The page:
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Learning New Skills in Retirement

By: Sally Aquire - Updated: 7 Aug 2015 | comments*Discuss
 
Retirement New Skills Learning Active

Learning new skills in retirement is a great way to keep your mind active and healthy. This can help you to avoid dementia in later life. Learning new skills in retirement can include going back into education or taking up a new hobby.

Studying in Retirement

Going back into education during your retirement is ideal for keeping your mind active. Further education is increasingly opening up to older people, with many choosing to do courses at home with the likes of The Open University and Learn Direct. As these courses are designed to be studied at home, you can study them in your own time (as long as you meet your assignment deadlines, obviously!).

In 2004, six per cent of Open University students were aged between 55 or above. Since then, The Open University has actively invited older students to study with them. If you would prefer to actually go back into the classroom, some colleges are offering opportunities to broaden your educational horizons and mix with other students (both older and younger).

If you are more interested in learning on an informal basis, The University of the Third Age provides an opportunity to do this. Lectures often take place at the houses of other students. The name is somewhat misleading, as it is not actually a university. It caters for those aged over fifty who are looking to learn about new subjects without the pressure of achieving academic credentials. Instead, you can simply study areas of interest. There is also the chance to interact with people from across the country who are interested in the same areas.

You can learn new languages at home through the plethora of CDs, DVDs and online language courses that are available.

Taking Up a New Hobby in Retirement

The extra time that is available to you during your retirement is an ideal chance to involve yourself in a new hobby. There are plenty of options when it comes to taking up a new hobby in your retirement. Some of the most popular include:
  • Arts and crafts – This can include knitting, cross stitch, embroidery, scrap booking, making cards, pottery, tapestry, dress making, carving, glass staining and painting.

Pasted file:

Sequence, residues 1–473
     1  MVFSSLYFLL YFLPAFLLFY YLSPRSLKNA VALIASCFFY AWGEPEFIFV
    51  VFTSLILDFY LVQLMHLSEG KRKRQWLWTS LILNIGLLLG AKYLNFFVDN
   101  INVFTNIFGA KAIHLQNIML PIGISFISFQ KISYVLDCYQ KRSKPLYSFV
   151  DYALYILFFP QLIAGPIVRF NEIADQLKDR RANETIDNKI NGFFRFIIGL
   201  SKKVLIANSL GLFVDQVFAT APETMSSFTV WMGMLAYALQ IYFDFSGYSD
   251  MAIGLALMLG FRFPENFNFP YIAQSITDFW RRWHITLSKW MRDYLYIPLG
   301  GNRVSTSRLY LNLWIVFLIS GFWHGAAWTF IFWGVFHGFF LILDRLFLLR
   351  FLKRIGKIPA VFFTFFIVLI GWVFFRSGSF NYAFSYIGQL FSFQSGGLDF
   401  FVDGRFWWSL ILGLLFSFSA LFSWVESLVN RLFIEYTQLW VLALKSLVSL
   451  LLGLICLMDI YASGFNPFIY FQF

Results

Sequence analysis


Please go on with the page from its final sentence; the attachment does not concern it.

• Musical – This can include learning a new instrument and joining a choir.
  • Creative writing – This can involve writing in a journal or writing stories. If you want to have a wider platform for your writing, you can publish it online in a blog. Some authors have been “discovered” through their blogs.
Learning new skills is recommended as one of the ways to keep your mind active and healthy during your retirement. Keeping an active mind is thought to reduce your chances of developing dementia in old age, although some people will be affected by this regardless. Learning new skills can involve taking up a new hobby or continuing the learning process through further education. With extra time on your hands, retirement is an ideal opportunity to start learning the skills that you did not previously have time to do . As well as helping your mind stay fit and healthy, this has the added benefit to offering enjoyment.

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A retired teacher in my early seventies with interests in singing, history (Family & Local) I look at my wife with some envy as she picks up her knitting at frequent intervals during the day. I wish I could find something equivalent that would be portable, useful,able to be picked up and laid down at intervals, and challenge me (fairly cack-handed) to learn a new skill. Any suggestions gratefully received! Loosestrife Darlington
Loosestrife - 7-Aug-15 @ 8:08 PM
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